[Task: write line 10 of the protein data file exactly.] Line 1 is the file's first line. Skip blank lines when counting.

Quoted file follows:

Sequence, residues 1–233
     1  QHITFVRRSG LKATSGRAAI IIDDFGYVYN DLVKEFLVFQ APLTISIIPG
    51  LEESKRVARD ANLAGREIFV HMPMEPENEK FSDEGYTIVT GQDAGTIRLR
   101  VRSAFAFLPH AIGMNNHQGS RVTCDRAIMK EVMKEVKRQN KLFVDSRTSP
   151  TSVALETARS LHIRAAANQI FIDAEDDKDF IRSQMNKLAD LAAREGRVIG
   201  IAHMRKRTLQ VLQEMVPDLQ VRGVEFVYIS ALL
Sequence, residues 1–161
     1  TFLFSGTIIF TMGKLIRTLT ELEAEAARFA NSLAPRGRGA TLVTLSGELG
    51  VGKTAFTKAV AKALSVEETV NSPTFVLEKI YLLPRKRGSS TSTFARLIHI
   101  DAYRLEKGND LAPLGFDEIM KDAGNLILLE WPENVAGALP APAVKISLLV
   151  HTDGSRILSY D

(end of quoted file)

   101  DAYRLEKGND LAPLGFDEIM KDAGNLILLE WPENVAGALP APAVKISLLV